Fuel, chemical, and gas transport companies rely on tanker trucks to safely hold and transport hazardous chemicals and gasses across our nation’s highways and interstates. These combustible materials pose obvious safety risks to other motorists when a tanker truck accident occurs. But even seemingly non-hazardous cargo, such as water, milk, and grain, can pose hazards to other motorists when improperly transported.
To ensure public safety, the Department of Transportation imposes special requirements for tanker trucks above and beyond what it requires for other commercial trucks. Because when tanker truck accidents do occur, they can close down highways, cause entire neighborhoods to evacuate, and result in serious and catastrophic injuries to others on the road. Contact a truck accident lawyer for legal help.
Why Are Tanker Trucks so Dangerous?
Commercial trucks are usually several times larger and tens of thousands of pounds heavier than cars and other vehicles. A truck hits another vehicle with tremendous impact. According to the Insurance Institute for Highway Safety, 4,014 people died in commercial truck accidents in the U.S. last year.
Tanker trucks pose an even greater danger that other commercial trucks in several ways:
High Risk of Rollover
Drivers must handle tanker trucks carefully to avoid rollover accidents. Rollover accidents occur when a tanker fails to slow while turning or its wheels trip on a curb when turning too sharply. A rolled-over tanker truck often requires first responders to block the road for a while, and those around the accident site risk harm from the release of hazardous chemicals from the truck’s tank.
High Risk of Fire
Tanker trucks often carry combustible material like oil or gas. A ruptured tank’s contents can spill. Just one spark can cause an explosion with deadly consequences. But collisions aren’t the only cause of tanker truck fires and explosions. Faulty fuel tanks, overweight tanks, or an engine defect can trigger deadly fires.
Exertion of Force
The size and weight of tanker trucks make them especially dangerous. Heavy-duty tankers can haul more than 26,000 pounds of material plus the weight of the tanker. These massive trucks can stretch 53 feet long for a single trailer and up to 100 feet for multi-trailer configurations. When these massive vehicles collide with other vehicles, the sheer force results in catastrophic casualties.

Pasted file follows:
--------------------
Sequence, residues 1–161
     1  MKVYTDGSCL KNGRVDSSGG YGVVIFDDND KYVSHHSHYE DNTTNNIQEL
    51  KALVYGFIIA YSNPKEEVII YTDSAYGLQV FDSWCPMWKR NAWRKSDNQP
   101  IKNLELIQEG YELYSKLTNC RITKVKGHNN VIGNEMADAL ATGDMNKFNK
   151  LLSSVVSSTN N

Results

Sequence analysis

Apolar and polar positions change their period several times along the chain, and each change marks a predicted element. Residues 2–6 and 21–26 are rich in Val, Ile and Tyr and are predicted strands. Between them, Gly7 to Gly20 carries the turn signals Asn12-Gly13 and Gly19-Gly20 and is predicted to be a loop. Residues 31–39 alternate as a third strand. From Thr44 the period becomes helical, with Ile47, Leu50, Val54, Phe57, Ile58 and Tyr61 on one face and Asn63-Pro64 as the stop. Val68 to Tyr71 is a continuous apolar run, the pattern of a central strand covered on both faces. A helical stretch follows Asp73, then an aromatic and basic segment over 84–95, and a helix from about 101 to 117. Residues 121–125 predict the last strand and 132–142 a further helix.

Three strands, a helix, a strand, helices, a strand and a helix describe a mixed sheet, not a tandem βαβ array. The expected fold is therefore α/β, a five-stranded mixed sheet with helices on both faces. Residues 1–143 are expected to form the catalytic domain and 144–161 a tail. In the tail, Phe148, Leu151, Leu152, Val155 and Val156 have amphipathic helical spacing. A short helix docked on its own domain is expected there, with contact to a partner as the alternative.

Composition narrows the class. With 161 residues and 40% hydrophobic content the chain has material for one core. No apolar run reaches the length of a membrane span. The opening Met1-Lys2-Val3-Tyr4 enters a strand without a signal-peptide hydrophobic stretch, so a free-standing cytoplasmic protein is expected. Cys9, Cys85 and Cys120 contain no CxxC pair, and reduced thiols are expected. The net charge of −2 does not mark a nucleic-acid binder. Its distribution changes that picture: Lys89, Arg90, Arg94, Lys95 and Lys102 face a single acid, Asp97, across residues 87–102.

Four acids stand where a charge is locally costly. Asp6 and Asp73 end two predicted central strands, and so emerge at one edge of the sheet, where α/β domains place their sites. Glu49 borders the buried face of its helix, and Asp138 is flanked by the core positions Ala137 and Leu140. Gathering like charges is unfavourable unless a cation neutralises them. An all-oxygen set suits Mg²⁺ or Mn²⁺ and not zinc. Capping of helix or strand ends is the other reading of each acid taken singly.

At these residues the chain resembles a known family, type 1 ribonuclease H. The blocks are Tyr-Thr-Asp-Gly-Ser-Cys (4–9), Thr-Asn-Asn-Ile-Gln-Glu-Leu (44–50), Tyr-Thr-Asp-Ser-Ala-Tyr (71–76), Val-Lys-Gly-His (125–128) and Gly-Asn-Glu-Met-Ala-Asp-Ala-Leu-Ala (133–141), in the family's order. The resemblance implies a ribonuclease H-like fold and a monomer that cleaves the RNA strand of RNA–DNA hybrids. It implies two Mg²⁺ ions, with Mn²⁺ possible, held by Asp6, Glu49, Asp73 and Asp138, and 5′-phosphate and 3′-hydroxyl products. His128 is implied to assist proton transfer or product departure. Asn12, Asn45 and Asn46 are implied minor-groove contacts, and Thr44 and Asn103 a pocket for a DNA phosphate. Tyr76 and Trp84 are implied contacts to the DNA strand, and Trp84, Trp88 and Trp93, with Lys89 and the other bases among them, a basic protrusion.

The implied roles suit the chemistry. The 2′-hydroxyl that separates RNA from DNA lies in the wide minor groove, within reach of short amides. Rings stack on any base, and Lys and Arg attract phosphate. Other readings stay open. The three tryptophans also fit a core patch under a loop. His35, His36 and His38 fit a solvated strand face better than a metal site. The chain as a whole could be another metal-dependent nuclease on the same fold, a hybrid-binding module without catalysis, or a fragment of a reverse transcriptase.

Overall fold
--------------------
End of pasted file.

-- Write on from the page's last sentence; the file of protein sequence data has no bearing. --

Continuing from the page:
Common Injuries in Tanker Truck Accidents
Accidents from tanker trucks pose even more dangers than other commercial vehicles, such as:
- Burn injuries from fires and corrosive materials
- Explosion and blast injuries
- Loss of limbs (either traumatically from the force of an explosion or release of compressed gas, or medically due to damage from a burn or other injury)
- Lung damage (from toxic chemicals and fumes)
- Eye injuries (from toxic chemicals and fumes)
- Traumatic brain injuries
- Spinal cord injuries
The Tanker Truck Driver
You can hold tanker truck drivers who don’t follow the rules of the road and speed, drive recklessly, or drive under the influence of drugs or alcohol, liable for their negligent actions. You can also hold them at fault for not following local and federal regulations and ensuring their vehicle is safe to drive.
How Can a Truck Driver’s Negligence Contribute to a Trucking Accident?
Error on the tank driver’s part often causes accidents.
Causes may include:
- Fatigue: Many tanker truck drivers must spend long hours on the road, and it’s easy for them tire, especially if they do not get proper rest and take regular breaks. According to the National Traffic Safety Administration, driver fatigue causes up to 30 percent of all commercial truck accidents. To cut down on driver fatigue. Driver fatigue is one reason the Federal Motor Carrier Safety Administration (FMCSA) limits the number of hours truckers can drive in a 24-hour period and requires them to take breaks while driving. However, some drivers may stay on the road longer than allowed.
- Truck driver inexperience: An inexperienced truck driver may not have the skills or knowledge to safely operate a commercial vehicle, especially in hazardous driving conditions such as steep inclines, poor weather, or heavy traffic. They may also not understand federal safety guidelines. Federal requirements for tanker truck drivers are even greater than other commercial drivers. They must have additional certifications beyond a commercial driver’s license (CDL), including an “N” endorsement and, if they will transport hazardous material, a Hazmat endorsement, known as an “X” endorsement. Inexperienced truck drivers may not understand the importance of following maintenance schedules, regular inspections, and loading procedures. Furthermore, tank truck drivers need to understand baffles and bulkheads, which control and prevent the forward and backward surge of liquid in the tanks. Tank truck drivers must understand how these elements affect how the tractor handles.
- Truck driving under the influence: Alcohol or drugs and commercial trunks form a dangerous mix. Throw in the dangers of combustible cargo, and catastrophe can result. Because of this, the federal blood alcohol level for commercial truck drivers is less than for other motorists—0.04 percent compared to 0.08 percent.
- Distracted driving: According to FMCSA, 8 percent of commercial truck accidents involve distracted driving. This includes texting, talking on the phone, eating, drinking, or setting navigation systems. Just a momentary distraction can cause a deadly crash.
- Speeding: A speeding tanker truck is more than a speeding bullet—it’s a massive torch waiting to ignite. When a tanker truck driver speeds, they have less time to react to unexpected situations. Collisions at high speeds with these massive trucks exert even greater force with catastrophic results.
The Trucking Company
You can hold the trucking company liable for a crash involving one of their tanker trucks due to: